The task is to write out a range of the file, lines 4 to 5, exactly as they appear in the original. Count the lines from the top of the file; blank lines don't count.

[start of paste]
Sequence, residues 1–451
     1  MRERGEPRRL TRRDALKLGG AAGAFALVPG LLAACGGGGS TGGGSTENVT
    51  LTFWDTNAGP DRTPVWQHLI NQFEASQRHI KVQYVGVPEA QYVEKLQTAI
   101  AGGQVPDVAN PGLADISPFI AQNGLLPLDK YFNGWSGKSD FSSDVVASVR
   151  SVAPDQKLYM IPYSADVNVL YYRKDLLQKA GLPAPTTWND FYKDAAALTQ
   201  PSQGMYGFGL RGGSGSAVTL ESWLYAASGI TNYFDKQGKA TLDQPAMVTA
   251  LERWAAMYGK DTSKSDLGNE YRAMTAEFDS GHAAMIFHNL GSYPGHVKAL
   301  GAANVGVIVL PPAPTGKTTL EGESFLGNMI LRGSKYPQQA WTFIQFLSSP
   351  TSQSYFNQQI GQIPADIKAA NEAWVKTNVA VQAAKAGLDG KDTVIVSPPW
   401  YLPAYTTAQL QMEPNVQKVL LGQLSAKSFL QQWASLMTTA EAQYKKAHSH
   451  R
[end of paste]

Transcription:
   101  AGGQVPDVAN PGLADISPFI AQNGLLPLDK YFNGWSGKSD FSSDVVASVR
   151  SVAPDQKLYM IPYSADVNVL YYRKDLLQKA GLPAPTTWND FYKDAAALTQ